Poor Trevor: he can’t even get a job at Dunkin’ Donuts, so it’s no wonder that he enters with a bit of a waddle to his step, a bit of a hunch and droop, car keys awkwardly falling from his hands. Anxiety and frustration like his are just a few steps behind crippling depression, so you can forgive him for not being more apologetic about crashing Sandra’s car. Oh, yeah, and perhaps it has something to do with the fact that he’s a maturing 200-pound chimpanzee filled with the confusion of an erstwhile show-business career that asked him to act (and treated him) like a human being. Trevor begins as a comedy, one step away from Seth MacFarlane’s shock territory as Trevor (Steven Boyer) relates animal wisdom in human terms, noting that when on camera, one must “not poop, no matter how intense things get,” explaining that he’s “comfortable with nudity,” and that a tiger is stupid because it can’t smoke a cigarette on cue, what with “it’s stupid fucking paws.” Buoyed by Boyer’s bravura performance (talk about throwing oneself into a role: watch him leap atop furniture), the show dips into melodrama, for despite the fact that Trevor and his “mother,” Sandra (a magnificent Colleen Werthmann) are family, sharing meals together, they have no real way to communicate: Trevor cannot understand humans, they can’t understand him, even if they’re mourning the same thing. Ultimately, Trevor, which is loosely based on the true story of another chimpanzee, Travis, is a tragic morality play, with the forces of justice — a meek police officer, Jim, (Andy Nogasky) and an outsider from Animal Control, Jerry (Shawn Randall) — brought to bear on Trevor by a perhaps justly nervous new neighbor, Ashley (Amy Staats). The “man,” having been treated as such, is adrift:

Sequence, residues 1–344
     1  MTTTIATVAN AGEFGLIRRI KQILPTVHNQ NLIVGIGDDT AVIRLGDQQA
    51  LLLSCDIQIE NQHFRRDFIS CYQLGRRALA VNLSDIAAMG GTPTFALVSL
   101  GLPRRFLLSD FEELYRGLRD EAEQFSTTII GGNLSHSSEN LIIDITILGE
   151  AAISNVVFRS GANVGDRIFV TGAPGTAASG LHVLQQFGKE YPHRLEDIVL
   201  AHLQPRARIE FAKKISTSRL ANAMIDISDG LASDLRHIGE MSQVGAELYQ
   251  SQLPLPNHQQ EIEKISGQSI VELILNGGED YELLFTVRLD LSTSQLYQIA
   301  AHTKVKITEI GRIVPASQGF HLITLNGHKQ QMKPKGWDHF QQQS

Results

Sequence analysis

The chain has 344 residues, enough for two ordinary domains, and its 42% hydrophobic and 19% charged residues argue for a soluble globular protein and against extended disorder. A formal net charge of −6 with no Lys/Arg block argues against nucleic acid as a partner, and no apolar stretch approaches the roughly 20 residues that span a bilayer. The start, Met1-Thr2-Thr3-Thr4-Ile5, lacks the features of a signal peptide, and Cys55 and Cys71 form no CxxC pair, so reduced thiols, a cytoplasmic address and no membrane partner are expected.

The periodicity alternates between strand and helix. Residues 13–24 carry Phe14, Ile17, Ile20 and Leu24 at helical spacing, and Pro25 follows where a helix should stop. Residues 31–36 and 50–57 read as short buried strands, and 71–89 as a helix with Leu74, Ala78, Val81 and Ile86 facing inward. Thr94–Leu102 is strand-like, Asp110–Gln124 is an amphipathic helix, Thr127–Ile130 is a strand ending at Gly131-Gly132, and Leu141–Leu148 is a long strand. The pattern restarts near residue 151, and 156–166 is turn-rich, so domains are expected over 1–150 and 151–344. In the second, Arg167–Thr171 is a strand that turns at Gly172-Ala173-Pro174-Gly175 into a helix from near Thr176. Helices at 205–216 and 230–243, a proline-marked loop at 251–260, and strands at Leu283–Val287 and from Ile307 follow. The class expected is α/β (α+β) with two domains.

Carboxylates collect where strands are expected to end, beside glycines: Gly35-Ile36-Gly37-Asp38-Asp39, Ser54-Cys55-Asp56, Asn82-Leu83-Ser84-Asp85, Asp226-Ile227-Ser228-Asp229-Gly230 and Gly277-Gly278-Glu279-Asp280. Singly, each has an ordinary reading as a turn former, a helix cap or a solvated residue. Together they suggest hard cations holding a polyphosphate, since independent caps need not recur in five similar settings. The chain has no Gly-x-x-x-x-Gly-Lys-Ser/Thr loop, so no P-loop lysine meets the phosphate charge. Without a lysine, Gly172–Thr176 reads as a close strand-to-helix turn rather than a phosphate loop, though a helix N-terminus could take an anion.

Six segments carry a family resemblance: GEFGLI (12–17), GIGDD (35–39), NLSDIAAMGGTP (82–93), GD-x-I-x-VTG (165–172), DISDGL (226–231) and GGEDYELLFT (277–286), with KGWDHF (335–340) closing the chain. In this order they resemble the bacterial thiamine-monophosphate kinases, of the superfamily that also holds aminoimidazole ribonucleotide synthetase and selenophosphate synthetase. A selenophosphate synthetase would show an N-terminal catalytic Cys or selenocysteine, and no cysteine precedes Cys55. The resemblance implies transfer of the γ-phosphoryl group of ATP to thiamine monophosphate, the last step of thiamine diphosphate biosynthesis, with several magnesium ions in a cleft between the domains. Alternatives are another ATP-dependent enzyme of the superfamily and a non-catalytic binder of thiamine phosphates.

[I can’t get work] because I don’t have an easily definable look; I mean I don’t fall into a type like some chimpanzees. I’m not always silly and I’m not always brooding, I have a full palette of emotions. You’d think people would be looking for someone with that kind of depth, of complexity, but nooo, not on television.